By Alice Meichsner
Welcome to Sesame Street®! Home of Elmo, Bert and Ernie, Cookie Monster, Grover and many more beloved characters, this neighborhood of fuzzy monsters has been teaching audiences for generations.
Join your favorite furry friends this spring as they explore emotions, science, careers, and more! Young readers will learn essential life skills for managing their emotions and conflict resolution along with developing a love for learning, science, and more. Read on to find out what our friends on Sesame Street have to share!
Meet Enly Wu Lewis, aspiring musician. He’s determined to go to band camp, but with his mother working two jobs and saving every penny for his older brother’s college tuition, he’s going to have to earn enough money himself. Enly decides to earn money busking on the streets of Altamont, but a series of misadventures upend his plans.
Author Jennie Liu joins us today to discuss writing Enly and the Buskin’ Blues. Read on to find the free downloadable discussion guide!
We’ve gathered an array of immigration-centric fiction and nonfiction, from real-world experiences of teen refugees and Dreamers, reflections on identities rooted in two distinctly different cultures, and a heart-warming picture book about welcoming a refugee family. These books reveal incredible courage and fortitude.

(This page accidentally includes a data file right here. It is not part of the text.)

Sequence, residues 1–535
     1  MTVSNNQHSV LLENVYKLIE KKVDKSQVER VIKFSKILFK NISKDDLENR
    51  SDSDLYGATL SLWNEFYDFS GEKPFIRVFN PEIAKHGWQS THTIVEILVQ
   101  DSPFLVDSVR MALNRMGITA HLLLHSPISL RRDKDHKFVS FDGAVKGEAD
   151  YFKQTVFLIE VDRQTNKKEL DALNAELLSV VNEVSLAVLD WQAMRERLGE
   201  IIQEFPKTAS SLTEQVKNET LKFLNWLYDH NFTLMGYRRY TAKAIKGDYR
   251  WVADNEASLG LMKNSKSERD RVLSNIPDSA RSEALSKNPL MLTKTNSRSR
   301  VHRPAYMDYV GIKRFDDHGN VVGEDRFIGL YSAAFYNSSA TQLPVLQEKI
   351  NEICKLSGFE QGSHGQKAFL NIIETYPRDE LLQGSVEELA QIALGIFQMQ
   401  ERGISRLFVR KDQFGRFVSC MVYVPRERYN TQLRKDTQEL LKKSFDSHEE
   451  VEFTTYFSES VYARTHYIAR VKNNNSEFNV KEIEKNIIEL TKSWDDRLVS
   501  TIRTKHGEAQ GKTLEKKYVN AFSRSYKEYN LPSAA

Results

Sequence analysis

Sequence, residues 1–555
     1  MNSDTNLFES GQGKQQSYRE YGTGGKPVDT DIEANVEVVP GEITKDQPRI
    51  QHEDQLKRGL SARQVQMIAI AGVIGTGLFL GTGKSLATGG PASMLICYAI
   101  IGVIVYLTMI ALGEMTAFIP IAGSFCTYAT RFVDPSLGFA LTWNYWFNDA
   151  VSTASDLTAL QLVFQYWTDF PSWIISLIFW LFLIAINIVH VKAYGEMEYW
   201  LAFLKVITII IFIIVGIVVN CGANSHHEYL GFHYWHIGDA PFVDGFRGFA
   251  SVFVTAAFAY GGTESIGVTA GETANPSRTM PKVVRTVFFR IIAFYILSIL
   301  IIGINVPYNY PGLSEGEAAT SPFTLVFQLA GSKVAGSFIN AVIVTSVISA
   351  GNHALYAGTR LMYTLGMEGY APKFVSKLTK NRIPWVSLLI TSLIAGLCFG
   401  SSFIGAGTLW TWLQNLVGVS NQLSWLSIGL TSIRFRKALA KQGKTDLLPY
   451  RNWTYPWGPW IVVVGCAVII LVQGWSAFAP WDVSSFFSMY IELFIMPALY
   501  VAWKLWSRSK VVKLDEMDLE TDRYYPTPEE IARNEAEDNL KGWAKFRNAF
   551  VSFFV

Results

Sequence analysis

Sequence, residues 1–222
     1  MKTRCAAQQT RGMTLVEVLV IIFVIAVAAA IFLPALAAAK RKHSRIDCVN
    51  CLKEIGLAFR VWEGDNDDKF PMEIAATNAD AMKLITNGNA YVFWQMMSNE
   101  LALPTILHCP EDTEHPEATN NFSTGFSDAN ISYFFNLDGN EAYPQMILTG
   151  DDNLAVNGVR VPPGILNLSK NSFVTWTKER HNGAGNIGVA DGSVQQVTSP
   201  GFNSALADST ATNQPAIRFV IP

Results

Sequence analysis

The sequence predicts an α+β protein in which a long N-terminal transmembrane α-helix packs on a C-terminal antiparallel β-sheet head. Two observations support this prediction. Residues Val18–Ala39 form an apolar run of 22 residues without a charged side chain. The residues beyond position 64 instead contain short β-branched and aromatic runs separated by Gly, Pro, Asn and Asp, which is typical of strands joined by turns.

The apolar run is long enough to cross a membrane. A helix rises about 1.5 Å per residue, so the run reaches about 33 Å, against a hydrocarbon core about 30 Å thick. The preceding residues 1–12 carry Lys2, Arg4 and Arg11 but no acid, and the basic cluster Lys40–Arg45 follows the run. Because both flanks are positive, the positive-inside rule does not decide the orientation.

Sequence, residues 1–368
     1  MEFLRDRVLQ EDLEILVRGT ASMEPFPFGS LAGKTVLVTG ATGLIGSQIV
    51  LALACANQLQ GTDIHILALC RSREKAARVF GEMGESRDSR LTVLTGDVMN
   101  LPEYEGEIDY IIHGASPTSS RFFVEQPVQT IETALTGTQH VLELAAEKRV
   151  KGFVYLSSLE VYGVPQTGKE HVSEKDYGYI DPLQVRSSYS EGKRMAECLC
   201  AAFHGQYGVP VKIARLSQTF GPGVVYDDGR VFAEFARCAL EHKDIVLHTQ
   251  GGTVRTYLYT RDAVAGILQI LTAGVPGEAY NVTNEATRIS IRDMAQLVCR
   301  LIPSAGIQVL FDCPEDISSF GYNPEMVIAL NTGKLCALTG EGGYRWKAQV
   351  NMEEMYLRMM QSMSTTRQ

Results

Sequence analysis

On the eve of World War II, the Czech Kindertransport rescued 669 children from Nazi persecution. The new nonfiction picture book Stars of the Night: The Courageous Children of the Czech Kindertransport by Caren Stelson and illustrated by Selina Alko sensitively tells the powerful true story of the children’s journey to safety from their collective perspective.
Read on to learn about author Caren Stelson’s research, creative decisions for the voice of the book, and her special trip to meet Nick Winton, son of Nicholas Winton.
The green comet, also known as Comet 2022 E3 (ZTF), has been making headlines as it passes by Mars in the night sky. Discovered just 11 months ago, this comet is estimated to have a solar orbit of 50,000 years — meaning that we are the first humans to see it, and we may be the last!
The green comet is an especially good classroom topic for a number of reasons: